Jonathan Brooks-Jones says the application for Cardiff’s Whitchurch High to become a Foundation school represents a thin end of a wedge
One of the Conservative manifesto promises was the ability for parents or groups of individuals to set up a ‘Free’ school and claim local authority funding to run it. Free Schools will be run with all the functions contracted out for a management fee. They will be modelled on the Swedish and American systems where schools can be taken out of local authority control and run by independent organisations.
However, in a departure from the Swedish and American systems the schools will be ‘not-for-profit’ organisations. At first glance this seems sensible. But the result will be that one of the main perceived benefits, improved performance driven by competition, is taken away. Once the management fee has been received what impetus will there be for schools to improve if there is no profit motive?
The pertinent question is where we want the responsibility for education to lie, with the state or with the private sector. It doesn’t take a huge leap in imagination to envisage a private sector-run school churning out pupils that achieve qualifications that coincidentally match their own employment needs.
Of course, our current school system is not free from the profit-making motive. Catering, cleaning, drinks machines and so on are all currently contracted out. This has led to high sugar drinks being sold in our schools and Jamie Oliver style campaigns. How much further do we want to contract out school provision?
There are some perceived benefits in Free Schools. They can set their own admission criteria, hire and fire their own staff, decide pupil numbers and influence curriculum. Most arguments for Free Schools emphasise innovation and flexibility as the driving factors. It is impossible to deny that some schools will benefit hugely from this system, but that is the point. The ‘Free’ school itself might benefit, but what about neighbouring schools and communities?
The reality is that Free Schools will represent budget cuts to the wider education that local authorities can deliver. Weaker schools will decline. Free schools, with their ability to set their own admission criteria can effectively choose the most profitable and least demanding children, leaving surrounding schools, with their decreased budgets to pick up the slack. The governing body of Free Schools will be less democratic and representative as a result of being taken out of authority control. Governors elect other governors who conform to their views and it is easy to see how private sector interests might play a part. Local authorities will still have a statutory duty to perform admission and special educational needs functions but will receive less funding overall. This will further disadvantage neighbouring school budgets.
What does this have to do with us in Wales? Education is devolved in Wales so Free Schools should not affect us here. There is currently an application on Education Minister Leighton Andrews’ desk for Whitchurch High in Cardiff to become a Foundation school. Foundation schools hold a rather unusual position in terms of funding and governance. Like ‘maintained’ schools, they are funded by central government via the Local Education Authority. But unlike maintained schools, they are not under the governance of the LEA. Instead, the governing body has greater freedom of control over the running of the school.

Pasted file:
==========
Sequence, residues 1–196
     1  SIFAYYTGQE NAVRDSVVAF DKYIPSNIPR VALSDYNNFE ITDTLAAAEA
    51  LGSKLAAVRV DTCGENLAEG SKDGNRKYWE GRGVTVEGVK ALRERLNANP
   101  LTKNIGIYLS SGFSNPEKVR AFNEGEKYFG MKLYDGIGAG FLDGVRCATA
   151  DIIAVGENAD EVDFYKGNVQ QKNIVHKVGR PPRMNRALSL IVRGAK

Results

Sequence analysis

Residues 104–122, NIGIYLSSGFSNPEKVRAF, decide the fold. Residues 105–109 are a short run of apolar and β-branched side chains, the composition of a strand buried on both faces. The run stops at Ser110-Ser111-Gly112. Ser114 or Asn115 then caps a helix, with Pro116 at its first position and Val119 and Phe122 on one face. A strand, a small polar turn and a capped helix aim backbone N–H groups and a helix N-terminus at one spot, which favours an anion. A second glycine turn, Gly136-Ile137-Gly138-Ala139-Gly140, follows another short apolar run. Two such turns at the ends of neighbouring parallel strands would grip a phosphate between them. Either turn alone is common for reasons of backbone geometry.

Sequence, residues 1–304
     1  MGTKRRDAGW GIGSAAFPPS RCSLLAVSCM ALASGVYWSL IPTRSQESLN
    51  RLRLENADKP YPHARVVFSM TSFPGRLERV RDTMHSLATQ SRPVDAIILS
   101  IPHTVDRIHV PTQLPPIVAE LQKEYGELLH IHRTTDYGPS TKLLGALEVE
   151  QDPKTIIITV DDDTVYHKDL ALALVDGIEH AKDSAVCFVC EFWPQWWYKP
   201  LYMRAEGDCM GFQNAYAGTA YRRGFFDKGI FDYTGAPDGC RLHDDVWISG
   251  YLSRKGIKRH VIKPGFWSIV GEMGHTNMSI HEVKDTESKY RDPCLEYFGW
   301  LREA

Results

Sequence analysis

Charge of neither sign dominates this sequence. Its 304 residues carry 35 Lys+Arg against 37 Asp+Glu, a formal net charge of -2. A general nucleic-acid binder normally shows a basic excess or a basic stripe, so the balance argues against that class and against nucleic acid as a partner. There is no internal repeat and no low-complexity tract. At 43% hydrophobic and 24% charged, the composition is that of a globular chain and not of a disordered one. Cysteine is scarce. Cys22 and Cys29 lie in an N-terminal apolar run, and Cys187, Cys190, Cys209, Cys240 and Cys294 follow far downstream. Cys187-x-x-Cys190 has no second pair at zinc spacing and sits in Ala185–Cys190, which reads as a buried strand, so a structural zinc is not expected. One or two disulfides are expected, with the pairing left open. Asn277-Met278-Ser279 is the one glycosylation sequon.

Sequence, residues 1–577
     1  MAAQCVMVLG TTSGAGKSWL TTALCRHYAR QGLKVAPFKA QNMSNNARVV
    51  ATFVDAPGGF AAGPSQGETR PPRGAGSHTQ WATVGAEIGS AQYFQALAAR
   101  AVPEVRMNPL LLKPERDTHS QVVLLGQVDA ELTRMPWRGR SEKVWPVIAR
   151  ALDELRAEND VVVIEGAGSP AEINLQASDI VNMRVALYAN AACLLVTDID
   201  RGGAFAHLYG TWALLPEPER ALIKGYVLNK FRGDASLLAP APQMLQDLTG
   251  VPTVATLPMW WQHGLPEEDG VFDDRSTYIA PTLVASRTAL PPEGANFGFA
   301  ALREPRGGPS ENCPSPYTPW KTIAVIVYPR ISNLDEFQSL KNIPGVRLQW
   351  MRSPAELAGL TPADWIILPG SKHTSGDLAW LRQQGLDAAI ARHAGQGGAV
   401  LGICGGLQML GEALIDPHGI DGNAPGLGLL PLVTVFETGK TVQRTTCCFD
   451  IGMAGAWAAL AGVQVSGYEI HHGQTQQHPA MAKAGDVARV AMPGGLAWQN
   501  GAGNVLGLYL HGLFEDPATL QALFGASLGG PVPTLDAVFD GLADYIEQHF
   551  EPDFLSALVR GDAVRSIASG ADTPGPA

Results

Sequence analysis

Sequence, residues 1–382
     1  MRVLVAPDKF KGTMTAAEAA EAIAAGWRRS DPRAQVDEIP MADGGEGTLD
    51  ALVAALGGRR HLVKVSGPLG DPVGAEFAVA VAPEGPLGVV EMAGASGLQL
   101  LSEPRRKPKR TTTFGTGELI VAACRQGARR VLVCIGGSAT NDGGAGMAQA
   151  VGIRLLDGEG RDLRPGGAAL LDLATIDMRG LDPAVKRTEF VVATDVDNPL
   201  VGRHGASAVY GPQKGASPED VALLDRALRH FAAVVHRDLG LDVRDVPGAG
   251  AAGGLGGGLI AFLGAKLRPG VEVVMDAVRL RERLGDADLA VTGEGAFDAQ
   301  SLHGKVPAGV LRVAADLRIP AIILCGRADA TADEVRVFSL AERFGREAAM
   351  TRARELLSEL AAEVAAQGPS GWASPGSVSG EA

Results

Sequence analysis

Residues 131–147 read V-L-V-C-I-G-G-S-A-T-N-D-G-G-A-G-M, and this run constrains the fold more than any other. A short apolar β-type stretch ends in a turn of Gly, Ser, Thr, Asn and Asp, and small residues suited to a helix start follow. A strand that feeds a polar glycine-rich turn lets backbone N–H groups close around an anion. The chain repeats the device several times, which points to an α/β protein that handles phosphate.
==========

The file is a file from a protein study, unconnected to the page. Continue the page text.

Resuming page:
Most of the arguments for a school obtaining foundation status involve greater flexibility, control over admissions, and hiring and firing of staff. While these may be beneficial to the school concerned, they have a knock on effect on local authorities, schools and education. The admissions controlled by a foundation school affects neighbouring schools and makes it hard to predict pupil numbers in forward planning. There is nothing to stop a school from continually expanding until other schools are forced to close due to low numbers of pupils. Pupils will then have to travel further afield to attend school instead of having local schools in their communities. There is also a risk for staff, who would be transferred to the employ of a governing body. The governing body may change regularly and their actions are not mediated by wider governance.
There are eight secondary and four primary Foundation schools in Wales. In its 2008 School Effectiveness Framework the Welsh Government has made it clear that it has aspirations for collaboration and partnership working between local authorities and schools. The framework sets out clearly the responsibilities that local authorities have to schools and looks to them to drive change. As it says:
“The Children Act (2004) made LAs particularly responsible for improving outcomes for their children and young people. In particular, each LA has to take the lead in making its Children and Young People’s Plan, in bringing together all the people needed to make the plan work, and in monitoring the plan to make sure that it is making a positive difference.”
Under this framework schools also have a responsibility to work in collaboration with neighbouring schools, under the guidance of the local authority. This method of working is called tri-working. Foundation schools do not fit easily into this pattern.
With their admissions criteria Foundation schools are a backwards step towards a grammar school system. If Leighton Andrews allows this application for Foundation school status it could start a chain of events that mean that every school could apply and the School Effectiveness Framework would become redundant. Foundation schools are not very far removed from Free Schools. To what extent to we want our schools to be in control of the state and to what extent in the control of outside or private forces?